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Andrew Brown and Maeve Bannister

ADF disaster response may not be sustainable in future

The head of the government's emergency management agency has warned the use of the defence force to assist with natural disasters may not be sustainable in the future.

National Emergency Management Agency director-general Joe Buffone told a parliamentary inquiry into the country's disaster resilience the increasing number of events like bushfires and floods could impact how ADF personnel were deployed to help in the clean up.

Mr Buffone said with climate change contributing to natural disasters, there would be a greater strain on the ADF to assist with recovery efforts.

"What we're seeing is more frequent, more intense disasters, (which) sees the ADF deployed more frequently for longer periods of time. They are one of our most direct physical responses which sits outside of the financial responses that we provide," he told the inquiry on Tuesday.

"One of the key challenges is that the current (ADF) model, we need to look at whether that is sustainable and how we actually supplement those arrangements."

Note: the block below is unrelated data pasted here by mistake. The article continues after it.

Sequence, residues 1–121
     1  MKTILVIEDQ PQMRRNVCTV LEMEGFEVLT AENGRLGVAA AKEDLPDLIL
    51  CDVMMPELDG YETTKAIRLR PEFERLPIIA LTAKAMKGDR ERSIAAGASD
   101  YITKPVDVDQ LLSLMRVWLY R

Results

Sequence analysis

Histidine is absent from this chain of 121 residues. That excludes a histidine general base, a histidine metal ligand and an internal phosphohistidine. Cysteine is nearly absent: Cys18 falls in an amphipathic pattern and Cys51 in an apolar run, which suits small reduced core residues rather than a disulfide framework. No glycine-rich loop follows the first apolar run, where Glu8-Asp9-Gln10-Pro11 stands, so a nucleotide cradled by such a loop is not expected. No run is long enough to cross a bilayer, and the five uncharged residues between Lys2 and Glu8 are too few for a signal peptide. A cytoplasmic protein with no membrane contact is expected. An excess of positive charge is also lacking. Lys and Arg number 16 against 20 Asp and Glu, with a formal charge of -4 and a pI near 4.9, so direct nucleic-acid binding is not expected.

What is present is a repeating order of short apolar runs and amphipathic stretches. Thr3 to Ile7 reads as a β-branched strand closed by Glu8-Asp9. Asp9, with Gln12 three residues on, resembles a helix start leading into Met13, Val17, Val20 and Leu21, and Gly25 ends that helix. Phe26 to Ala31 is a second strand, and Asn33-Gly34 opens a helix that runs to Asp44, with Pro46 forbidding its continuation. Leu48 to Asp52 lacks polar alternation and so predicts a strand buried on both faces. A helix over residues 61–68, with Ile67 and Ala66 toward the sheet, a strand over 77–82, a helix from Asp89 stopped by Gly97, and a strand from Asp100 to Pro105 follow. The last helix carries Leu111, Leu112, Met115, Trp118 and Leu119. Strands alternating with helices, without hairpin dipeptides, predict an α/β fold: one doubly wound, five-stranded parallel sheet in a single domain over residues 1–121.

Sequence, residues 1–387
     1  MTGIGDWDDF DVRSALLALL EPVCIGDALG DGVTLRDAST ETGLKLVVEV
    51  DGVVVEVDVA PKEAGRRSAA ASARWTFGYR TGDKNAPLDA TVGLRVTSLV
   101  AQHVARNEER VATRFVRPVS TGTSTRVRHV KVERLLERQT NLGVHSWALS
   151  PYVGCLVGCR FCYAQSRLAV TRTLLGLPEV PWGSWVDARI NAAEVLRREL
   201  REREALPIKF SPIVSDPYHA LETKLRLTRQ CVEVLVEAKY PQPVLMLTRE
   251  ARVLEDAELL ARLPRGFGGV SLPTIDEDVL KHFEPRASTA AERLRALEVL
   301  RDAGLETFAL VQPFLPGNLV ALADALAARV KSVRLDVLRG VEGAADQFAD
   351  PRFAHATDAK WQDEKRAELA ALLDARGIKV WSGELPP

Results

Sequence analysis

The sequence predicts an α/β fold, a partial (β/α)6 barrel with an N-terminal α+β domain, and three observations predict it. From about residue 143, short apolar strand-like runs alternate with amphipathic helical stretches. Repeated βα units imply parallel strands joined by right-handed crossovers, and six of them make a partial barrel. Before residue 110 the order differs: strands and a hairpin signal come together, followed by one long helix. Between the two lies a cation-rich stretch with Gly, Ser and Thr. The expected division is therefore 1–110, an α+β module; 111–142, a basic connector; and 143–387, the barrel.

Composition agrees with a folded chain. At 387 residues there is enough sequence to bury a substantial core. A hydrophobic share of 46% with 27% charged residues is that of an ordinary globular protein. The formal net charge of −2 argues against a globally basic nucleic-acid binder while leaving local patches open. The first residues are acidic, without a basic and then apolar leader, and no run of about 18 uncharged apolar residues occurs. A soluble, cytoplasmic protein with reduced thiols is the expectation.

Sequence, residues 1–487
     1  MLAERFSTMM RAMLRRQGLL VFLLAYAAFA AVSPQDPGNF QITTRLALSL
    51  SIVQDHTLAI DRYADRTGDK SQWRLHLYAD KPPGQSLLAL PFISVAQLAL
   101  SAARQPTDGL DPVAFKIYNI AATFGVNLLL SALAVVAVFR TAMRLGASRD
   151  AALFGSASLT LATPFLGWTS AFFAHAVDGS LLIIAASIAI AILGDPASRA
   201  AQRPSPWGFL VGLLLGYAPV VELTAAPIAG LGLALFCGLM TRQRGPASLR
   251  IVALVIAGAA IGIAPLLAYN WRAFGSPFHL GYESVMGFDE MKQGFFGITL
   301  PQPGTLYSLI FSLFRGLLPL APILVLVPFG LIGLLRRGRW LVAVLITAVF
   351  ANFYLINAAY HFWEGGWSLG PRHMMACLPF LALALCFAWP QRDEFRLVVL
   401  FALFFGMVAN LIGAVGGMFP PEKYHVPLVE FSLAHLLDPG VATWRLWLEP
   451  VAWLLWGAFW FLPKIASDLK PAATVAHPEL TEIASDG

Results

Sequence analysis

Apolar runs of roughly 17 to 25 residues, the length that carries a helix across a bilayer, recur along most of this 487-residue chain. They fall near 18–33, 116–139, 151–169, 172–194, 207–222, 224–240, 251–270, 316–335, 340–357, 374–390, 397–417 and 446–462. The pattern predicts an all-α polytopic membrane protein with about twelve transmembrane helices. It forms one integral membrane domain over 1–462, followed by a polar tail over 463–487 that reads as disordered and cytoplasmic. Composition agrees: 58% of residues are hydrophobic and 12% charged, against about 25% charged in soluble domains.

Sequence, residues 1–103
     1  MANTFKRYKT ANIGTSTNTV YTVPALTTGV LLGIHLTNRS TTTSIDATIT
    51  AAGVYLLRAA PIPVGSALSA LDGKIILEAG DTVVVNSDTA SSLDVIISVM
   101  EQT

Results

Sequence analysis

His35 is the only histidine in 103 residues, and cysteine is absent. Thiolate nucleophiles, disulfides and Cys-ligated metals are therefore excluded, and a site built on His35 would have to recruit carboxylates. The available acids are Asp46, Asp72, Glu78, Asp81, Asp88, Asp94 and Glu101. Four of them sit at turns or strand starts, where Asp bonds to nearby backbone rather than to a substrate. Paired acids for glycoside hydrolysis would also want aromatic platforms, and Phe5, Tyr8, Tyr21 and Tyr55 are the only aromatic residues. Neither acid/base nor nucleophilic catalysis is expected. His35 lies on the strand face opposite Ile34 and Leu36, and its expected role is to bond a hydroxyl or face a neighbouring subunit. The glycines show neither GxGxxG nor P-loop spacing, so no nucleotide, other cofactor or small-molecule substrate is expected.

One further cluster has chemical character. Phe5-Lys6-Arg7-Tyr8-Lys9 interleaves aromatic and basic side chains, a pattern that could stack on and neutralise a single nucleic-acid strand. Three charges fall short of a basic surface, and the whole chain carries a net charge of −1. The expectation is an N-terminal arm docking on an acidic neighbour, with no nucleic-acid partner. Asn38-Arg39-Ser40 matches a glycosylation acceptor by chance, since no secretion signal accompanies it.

Mr Buffone said the agency was examining what it could do to reduce pressure on the ADF.

Recent natural disasters, including floods in the Northern Territory, had reinforced the need to do so, Mr Buffone said.

"One of the first things that we've done is we've revised the protocol for ADF assistance, and that's actually around trying to have clarity around when the ADF should be used," he said.

"The ADF will remain a critical part of our disaster response architecture, but I think it's important that we set that up and we build capabilities that support states when they reach those thresholds."

A defence submission to the committee detailed how its commitment had created workforce pressures on its permanent and reserve ADF capacity.

The submission says the ADF has also had to reprioritise its workforce to meet government directions during natural disasters which reduces its capacity to train, maintain and sustain workforce levels for defence purposes.

"The use of both full-time and part-time defence personnel to support the Australian community since 2019 has been at an unprecedented scale, duration and frequency," the submission said.

"Since 2019 over 35,100 ADF personnel have deployed in domestic disaster relief operations, some multiple times."

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